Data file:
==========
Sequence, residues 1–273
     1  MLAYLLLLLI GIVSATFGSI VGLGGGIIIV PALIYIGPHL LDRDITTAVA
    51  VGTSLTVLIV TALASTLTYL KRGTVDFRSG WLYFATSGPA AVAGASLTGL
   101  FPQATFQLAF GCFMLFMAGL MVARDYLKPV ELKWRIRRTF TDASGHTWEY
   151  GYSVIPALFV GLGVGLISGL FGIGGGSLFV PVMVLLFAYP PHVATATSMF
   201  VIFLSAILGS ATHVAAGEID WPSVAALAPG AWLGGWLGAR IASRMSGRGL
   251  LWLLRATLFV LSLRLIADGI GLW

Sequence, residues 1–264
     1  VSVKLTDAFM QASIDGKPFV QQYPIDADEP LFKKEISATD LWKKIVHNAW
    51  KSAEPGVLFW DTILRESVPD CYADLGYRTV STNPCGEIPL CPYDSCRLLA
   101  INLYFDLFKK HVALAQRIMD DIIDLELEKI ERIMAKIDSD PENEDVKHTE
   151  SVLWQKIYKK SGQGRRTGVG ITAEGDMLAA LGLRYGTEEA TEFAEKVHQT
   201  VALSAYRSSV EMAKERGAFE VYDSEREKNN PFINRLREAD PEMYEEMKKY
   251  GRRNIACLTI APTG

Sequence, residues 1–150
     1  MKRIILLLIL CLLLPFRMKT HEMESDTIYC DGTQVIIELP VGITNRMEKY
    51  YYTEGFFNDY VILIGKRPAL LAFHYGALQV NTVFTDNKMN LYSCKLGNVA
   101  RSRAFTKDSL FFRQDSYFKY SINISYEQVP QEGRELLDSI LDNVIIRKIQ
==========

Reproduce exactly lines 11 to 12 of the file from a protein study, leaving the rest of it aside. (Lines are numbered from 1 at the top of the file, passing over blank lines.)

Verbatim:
   101  INLYFDLFKK HVALAQRIMD DIIDLELEKI ERIMAKIDSD PENEDVKHTE
   151  SVLWQKIYKK SGQGRRTGVG ITAEGDMLAA LGLRYGTEEA TEFAEKVHQT